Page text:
On 18 May the Department of the Environment, Climate and Communications issued a policy statement on the importing of fracked gas, in which it was noted that the Programme for Government contained a commitment to banning it. The press release stated that because of EU membership, in particular EU Directive […]
According to its high representative for foreign affairs, Josep Borrell, the EU at present has 5,000 troops stationed around the world under its aegis.¹ Most of its operations are based in Africa (as shown in part 1 of this article). However, the EU’s most significant operation on the European continent […]
Bus drivers in London went on strike last month against pay cuts that a number of “private bus operators” tried to impose. However, all is not as it seems. The British government has privatised much of the public transport system as they push ahead with their neoliberal agenda. They followed […]
After nearly half a century of membership of the EEC and then the EU, Britain finally left on 1 January 2021. The period leading up to its departure was heavily choreographed, with displays of brinkmanship, the stock in trade of the European imperial powers of Britain, France and Germany and the other old imperial states of Europe that make up the core of the EU.
The fact that the particular characteristics of Brexit arose out of an inter-imperialist conflict and were determined by the most right-wing forces in Britain may have significantly
THE GOVERNMENT has been forced to postpone a controversial vote on the Comprehensive Economic and Trade Agreement (CETA)—a free-trade agreement between the European Union and Canada—until the new year.
It had hoped to have it ratified by the Dáil after a 55-minute debate on 15 December. The vote had already been postponed from October to give the Green Party leader, Eamon Ryan, time to convince his members to support the treaty, which he has failed to do. A number of senior members still have concerns, and they are attempting to
Sinn Fein published their discussion document “Economic Benefits of a United Ireland”1 in November 2020; and, seeing that it’s a discussion paper for “contributing to the ongoing and exciting debate around a United Ireland,” it’s a worthwhile exercise to analyse and to critically engage with Sinn Féin’s vision for a united Ireland.
Two significant factors, Brexit and covid-19, have really accelerated the debate on reunification; and now, as stated in the document, “it is not a question about whether we can afford Irish Unity the fact is that we
Robert Owen, the nineteenth-century philanthropist, was by any standard a decent sort of bloke. He believed workers should be treated compassionately and that they deserved a reasonable standard of living. In fact he went a step further and attempted to build ideal societies in different countries, including one at Ralahine […]
The much-heralded recent “Next Generation EU Agreement” between the member-states of the European Union is little more than the papering over of growing and deepening cracks. The lack of a co-ordinated response to the covid-19 pandemic exposed the underlying fault lines within the European Union, contributing to and speeding up […]
We are in the first moments of an economic crisis more serious than anything experienced in living memory. The World Bank’s “baseline forecast” envisages a “5.2 percent contraction in global GDP in 2020—the deepest global recession in eight decades.” Even that assumes we are living through the most optimistic scenario. […]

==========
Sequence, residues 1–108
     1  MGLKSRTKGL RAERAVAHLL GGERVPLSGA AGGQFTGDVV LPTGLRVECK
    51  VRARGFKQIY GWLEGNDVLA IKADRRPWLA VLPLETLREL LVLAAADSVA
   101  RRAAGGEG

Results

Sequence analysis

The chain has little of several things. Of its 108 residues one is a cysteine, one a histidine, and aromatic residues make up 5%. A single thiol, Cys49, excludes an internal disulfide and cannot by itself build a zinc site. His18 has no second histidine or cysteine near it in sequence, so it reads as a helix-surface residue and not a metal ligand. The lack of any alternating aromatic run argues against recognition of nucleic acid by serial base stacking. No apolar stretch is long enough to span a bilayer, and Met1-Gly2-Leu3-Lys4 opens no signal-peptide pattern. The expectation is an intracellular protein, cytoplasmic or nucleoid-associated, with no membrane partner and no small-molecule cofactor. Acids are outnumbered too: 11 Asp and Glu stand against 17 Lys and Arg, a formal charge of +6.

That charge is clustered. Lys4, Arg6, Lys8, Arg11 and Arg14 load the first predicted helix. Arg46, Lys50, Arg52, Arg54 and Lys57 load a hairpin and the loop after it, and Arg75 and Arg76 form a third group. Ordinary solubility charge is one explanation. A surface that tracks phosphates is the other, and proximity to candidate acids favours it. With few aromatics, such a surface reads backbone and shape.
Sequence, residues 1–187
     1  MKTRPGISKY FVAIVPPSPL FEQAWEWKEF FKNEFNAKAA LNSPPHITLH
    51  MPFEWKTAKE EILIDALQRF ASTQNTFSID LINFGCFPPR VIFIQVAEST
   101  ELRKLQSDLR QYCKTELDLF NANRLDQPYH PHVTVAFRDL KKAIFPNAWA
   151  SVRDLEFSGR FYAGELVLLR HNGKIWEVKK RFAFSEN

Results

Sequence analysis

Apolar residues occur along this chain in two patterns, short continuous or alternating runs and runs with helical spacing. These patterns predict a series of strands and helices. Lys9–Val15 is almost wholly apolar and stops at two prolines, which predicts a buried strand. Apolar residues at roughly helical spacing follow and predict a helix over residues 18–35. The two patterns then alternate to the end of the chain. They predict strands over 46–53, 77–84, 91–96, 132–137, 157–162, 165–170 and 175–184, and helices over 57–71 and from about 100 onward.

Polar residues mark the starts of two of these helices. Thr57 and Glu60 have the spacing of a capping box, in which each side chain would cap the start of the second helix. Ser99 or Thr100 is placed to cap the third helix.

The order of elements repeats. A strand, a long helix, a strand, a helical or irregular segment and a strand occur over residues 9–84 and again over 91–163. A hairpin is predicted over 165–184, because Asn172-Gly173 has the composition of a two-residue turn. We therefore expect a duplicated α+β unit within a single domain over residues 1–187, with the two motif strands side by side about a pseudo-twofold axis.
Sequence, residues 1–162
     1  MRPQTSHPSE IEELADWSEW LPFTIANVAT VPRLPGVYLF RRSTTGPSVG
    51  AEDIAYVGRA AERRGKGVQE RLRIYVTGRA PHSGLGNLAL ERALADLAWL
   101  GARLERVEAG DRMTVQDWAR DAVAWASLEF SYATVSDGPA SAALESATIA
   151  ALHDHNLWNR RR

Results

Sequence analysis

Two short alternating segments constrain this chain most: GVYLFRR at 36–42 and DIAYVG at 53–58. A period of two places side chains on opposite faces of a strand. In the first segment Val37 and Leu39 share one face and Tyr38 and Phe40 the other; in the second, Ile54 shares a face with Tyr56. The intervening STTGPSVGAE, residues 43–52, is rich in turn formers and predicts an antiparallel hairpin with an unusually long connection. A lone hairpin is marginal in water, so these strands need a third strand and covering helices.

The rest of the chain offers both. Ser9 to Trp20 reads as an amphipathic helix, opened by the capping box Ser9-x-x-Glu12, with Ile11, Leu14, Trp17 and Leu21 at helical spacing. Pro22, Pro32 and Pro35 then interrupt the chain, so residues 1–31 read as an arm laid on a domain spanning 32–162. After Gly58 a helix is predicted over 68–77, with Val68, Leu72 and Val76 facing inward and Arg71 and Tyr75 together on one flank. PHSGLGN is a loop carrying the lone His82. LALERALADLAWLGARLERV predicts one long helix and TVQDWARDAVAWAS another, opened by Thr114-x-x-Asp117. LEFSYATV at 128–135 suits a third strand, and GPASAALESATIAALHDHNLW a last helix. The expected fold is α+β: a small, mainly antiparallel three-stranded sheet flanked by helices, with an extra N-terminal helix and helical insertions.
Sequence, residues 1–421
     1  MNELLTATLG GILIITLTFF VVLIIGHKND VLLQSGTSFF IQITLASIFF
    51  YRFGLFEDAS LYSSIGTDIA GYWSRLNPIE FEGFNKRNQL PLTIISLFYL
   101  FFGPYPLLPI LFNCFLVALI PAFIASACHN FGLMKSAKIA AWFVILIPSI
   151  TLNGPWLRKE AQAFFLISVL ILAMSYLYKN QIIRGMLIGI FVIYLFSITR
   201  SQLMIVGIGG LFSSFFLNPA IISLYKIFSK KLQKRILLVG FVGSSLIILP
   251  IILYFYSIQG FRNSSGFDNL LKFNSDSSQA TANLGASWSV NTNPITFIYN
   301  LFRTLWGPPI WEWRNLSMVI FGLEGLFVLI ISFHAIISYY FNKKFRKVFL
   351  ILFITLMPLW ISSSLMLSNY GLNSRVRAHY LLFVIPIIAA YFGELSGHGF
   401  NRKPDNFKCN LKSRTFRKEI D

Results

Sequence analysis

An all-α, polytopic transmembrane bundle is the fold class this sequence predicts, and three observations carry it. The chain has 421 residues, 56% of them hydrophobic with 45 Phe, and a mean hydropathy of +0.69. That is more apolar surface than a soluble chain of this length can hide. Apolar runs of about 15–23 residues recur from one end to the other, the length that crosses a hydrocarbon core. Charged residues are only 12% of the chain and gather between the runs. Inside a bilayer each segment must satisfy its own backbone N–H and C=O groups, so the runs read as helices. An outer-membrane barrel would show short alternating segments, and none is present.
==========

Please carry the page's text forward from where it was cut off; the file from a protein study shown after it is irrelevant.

Writing in the Irish Times on 17 April, the Spanish academic Javier Cercas described the EU’s response to the covid-19 pandemic as having been slow, stingy, and fearful. It is a view shared by many, especially those in southern Europe. Indeed the Italian prime minister, Giuseppe Conte, went so far […]
The efforts to form a “government of the willing” following the general election earlier this year rumble on. Fianna Fáil and Fine Gael have had to pretend to dance and engage in a courting ritual to give the impression that there are significant ideological and political differences between them, thereby requiring such a long period to produce a draft programme for government. Fianna Fáil are desperate to get into government at any cost in order to re-establish a presence in urban areas.
But what drives the state and these two main parties of the establishment is the need to thwart the desire of working people for real, meaningful change, as
THE BRITISH State left the European Union on the 31st of January, after nearly three years of political theatre, manoeuvring, backstabbing, and manipulation. How the ruling class now manage this process will depend very much on what the working class does. Many on the left have adopted a wait-and-see approach, thereby allowing the ruling
Socialist Voice has arguably been the most unwavering of English-language socialist periodicals in its analysis and exposition of the European Union as an inter-state structure of monopoly capital, under German…
Towards the end of November the Irish media published reports of comments made by Prof. Christian Kastrop, a former associate of the German minister of finance, Wolfgang Schäuble, one of the architects of the debt crisis. Kastrop now works for the Bertelsmann Foundation, a think tank sponsored by the Bertelsmann Group, one of the principal German transnational
THE CONSTANT NARRATIVE in the Brexit debate, be it in Ireland or Britain, from politicians, especially those elected who are supposedly of a progressive slant, is how they are opposed to Brexit because “the EU protects workers’ rights.” These views are also expressed by leading figures in the NGO sector.
THE “BRITISH REBATE” is known: the reduction in British contributions to the EU budget that Margaret Thatcher pushed through in 1984. She pointed out at the time that a large part of the EU funds had gone into agriculture, and that the United Kingdom had a comparatively small